Obadiah Shuttleworth biography

Obadiah Shuttleworth


– 1734


Who was Obadiah Shuttleworth?

Obadiah Shuttleworth, English composer, violinist and organist, was the son of Thomas Shuttleworth of Spitalfields in London. Thomas was a professional music copyist and harpsichord player.

The exact date of Shuttleworth's birth is uncertain.

Shuttleworth was an excellent violinist and in the early 18th century he took part in the influential public concerts arranged by the London coal merchant Thomas Britton at his business premises in Clerkenwell to which musical professionals and amateurs from all ranks of London society were drawn. Shuttleworth also led concerts that were later established about 1728 at the Swan Tavern, Cornhill. The 18th-century musical historian, Sir John Hawkins, wrote of him that he 'played the violin to such a degree of perfection, as gave him a rank among the first masters of his time'.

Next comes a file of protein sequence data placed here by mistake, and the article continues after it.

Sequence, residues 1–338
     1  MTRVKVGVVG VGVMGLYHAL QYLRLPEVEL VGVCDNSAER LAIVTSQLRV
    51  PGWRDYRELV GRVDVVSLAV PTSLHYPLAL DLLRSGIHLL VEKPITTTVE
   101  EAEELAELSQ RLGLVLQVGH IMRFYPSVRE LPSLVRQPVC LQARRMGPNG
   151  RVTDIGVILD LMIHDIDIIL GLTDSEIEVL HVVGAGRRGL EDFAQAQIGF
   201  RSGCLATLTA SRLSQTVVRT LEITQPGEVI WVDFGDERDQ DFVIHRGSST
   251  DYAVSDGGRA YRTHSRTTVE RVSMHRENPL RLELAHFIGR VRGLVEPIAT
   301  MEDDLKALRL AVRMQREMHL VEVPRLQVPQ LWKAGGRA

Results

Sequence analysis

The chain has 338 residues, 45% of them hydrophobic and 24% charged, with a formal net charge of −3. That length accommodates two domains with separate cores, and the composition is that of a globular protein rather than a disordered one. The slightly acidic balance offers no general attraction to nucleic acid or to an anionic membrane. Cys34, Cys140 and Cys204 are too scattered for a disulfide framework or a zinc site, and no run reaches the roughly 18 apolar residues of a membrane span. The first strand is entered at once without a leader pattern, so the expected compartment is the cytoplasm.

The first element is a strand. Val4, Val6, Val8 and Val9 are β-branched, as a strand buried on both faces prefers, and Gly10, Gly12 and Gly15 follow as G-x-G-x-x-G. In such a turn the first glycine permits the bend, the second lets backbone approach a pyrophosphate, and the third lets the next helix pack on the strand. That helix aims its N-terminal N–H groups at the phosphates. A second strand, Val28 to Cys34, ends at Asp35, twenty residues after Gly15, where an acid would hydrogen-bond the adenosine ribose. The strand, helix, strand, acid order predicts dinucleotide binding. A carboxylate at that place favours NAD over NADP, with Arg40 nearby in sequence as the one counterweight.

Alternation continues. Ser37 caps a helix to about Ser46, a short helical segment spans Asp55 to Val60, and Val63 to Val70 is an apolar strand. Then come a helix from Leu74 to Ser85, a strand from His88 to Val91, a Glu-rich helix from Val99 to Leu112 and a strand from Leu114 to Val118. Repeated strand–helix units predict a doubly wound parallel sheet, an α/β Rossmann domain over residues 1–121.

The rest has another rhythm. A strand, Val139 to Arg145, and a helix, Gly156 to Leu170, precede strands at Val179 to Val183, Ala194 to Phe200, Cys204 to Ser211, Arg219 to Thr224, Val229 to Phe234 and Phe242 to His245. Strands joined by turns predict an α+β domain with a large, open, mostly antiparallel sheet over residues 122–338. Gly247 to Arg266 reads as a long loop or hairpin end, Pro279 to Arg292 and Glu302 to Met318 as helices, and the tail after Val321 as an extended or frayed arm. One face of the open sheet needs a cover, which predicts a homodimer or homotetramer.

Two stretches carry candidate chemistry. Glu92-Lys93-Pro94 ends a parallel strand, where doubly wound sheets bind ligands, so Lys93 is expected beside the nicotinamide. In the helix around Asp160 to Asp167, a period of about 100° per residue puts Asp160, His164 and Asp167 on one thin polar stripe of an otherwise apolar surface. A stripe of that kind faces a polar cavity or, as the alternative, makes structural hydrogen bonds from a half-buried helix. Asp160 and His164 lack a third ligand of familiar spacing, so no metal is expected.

In January 1724, according to the newspaper the British Journal, Shuttleworth was made organist at the church of St Michael, Cornhill, having previously been the organist at St Mary's, Whitechapel. On 4 May 1729 the London newspaper The London Evening Post announced his appointment as organist of the Temple Church. According to Hawkins, Shuttleworth was 'celebrated for his fine finger on the organ, and drew numbers to hear him, especially at the Temple Church where he would frequently play near an hour after evening service'. He retained both organist appointments until his death on 2 May 1734. A widow and two daughters survived him.


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on July 23, 2013

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